I Love Coffee
I love the smell in the morning, the taste, the warmth or the chill.
It was the first thing on my mind when I woke up and my day couldn’t properly start without it.
I’d hand-grind the freshly roasted beans, boil the water, and sit and watch it brew in the French Press.
When out of town I would search for the hipster coffee spot then immediately inform people on my critique of their Americano.
It’s what connected me to people I had very little else in common with.
It was a ritual.
It was a lifestyle.
I’m very wary of things that feel good. I also have issues with dependency. The scenario crossed my mind of having a splitting headache during the apocalypse when the bug-out ran out of coffee grounds. So I naturally tinkered with finding the minimum effective dose of caffeine.
As I decreased my coffee intake I noticed I was becoming less anxious and I didn’t shake my legs as much. I had slightly less panic inside when I was next in line at the bank.
Even though I had always limited my coffee consumption to morning hours, I started sleeping much better.
Was coffee preventing me from managing stress?
I decided to cut coffee out completely.
The first couple days I was grouchy and short with people.
Surprisingly my workouts actually improved. It was easier to get into a flow. I had less nervous, unfocused energy that would usually be distracting during workouts.
Mornings were normal, getting up was even easier, but I was getting tired later in the day so I went to bed earlier.
I kept seeing improvements in my workouts, not energy, just results.
I started taking daily naps on my afternoon break.
I also noticed I was losing weight. My appetite went down noticeably but I upped my calories.
I began coming to the gym early and doing two workouts a day.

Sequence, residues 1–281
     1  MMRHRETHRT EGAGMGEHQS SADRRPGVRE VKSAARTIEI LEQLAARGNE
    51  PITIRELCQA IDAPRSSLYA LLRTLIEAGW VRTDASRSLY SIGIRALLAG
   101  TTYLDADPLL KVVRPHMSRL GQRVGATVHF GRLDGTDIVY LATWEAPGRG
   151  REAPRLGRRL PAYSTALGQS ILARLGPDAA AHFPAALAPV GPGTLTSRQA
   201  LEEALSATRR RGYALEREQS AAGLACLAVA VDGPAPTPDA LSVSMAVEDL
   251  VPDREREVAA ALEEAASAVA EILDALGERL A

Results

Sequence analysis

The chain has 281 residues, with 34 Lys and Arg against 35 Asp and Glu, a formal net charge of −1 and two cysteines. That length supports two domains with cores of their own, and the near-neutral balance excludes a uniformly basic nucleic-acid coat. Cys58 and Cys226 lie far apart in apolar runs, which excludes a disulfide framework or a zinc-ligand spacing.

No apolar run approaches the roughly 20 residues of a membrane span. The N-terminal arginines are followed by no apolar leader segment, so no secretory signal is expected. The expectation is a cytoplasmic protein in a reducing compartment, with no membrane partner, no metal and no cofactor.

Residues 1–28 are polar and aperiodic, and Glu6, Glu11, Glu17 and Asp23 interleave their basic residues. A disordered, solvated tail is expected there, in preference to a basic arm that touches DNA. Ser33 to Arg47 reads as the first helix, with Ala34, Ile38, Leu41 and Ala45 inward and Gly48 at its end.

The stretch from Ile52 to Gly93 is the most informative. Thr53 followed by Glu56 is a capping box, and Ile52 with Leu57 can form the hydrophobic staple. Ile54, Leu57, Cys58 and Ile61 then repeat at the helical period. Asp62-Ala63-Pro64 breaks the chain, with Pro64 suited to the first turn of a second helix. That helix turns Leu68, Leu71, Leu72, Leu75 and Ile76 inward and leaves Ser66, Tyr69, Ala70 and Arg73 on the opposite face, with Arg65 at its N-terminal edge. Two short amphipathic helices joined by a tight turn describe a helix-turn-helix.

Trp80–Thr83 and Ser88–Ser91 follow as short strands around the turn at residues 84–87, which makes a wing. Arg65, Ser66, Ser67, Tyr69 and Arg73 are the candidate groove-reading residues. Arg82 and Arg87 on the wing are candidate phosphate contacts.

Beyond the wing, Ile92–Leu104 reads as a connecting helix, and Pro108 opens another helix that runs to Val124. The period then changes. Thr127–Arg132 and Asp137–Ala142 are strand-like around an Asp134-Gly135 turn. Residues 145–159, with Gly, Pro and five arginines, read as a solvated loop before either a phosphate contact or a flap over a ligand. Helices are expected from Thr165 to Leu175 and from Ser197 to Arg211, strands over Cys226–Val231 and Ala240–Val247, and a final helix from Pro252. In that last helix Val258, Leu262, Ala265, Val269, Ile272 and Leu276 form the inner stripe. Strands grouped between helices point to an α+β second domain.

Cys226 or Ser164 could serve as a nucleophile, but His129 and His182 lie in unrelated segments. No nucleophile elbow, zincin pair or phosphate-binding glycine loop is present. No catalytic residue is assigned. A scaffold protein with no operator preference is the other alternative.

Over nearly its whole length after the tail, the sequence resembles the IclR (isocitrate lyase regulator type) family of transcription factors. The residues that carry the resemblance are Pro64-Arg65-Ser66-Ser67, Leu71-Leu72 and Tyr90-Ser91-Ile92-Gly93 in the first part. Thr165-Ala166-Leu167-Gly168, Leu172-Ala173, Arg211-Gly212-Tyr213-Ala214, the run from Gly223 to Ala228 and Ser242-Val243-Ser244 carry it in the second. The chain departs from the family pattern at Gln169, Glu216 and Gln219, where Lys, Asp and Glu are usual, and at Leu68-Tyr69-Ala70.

It’s now been over 3 months without coffee.
The biggest insight from this experiment was finding my non-caffeinated baseline. I was much more sensitive to my need for recovery so I streamlined my training, paced myself more throughout the day, and drastically increased my sleep.
Caffeine was masking fatigue and when removed, I was able to more clearly listen to my body. My body told me it was in debt.
For competitive or high-intensity workouts, I can see a benefit from caffeine but for mindful movement practices I’ve personally had a positive experience removing caffeine. Pre-workout and heavy metal don’t help my hand-balancing or mobility work much.
Will I start drinking coffee again? Of course! I love coffee, but I feel like this caffeine-fast exposed some deficiencies and spurred much needed growth. I plan on making this fast a regular practice once I start drinking coffee again and sticking to the minimum effective dose. Can I find a balance? Who knows.
After writing this I continued over one year without coffee. Once I reintroduced caffeine, the remembered just how powerful the high was. It made me happy. Certain aspects of training got an immediate boost but I also found myself more easily distracted and a bit less focused. For now I think I will keep coffee for social occasions with friends or in case of emergencies.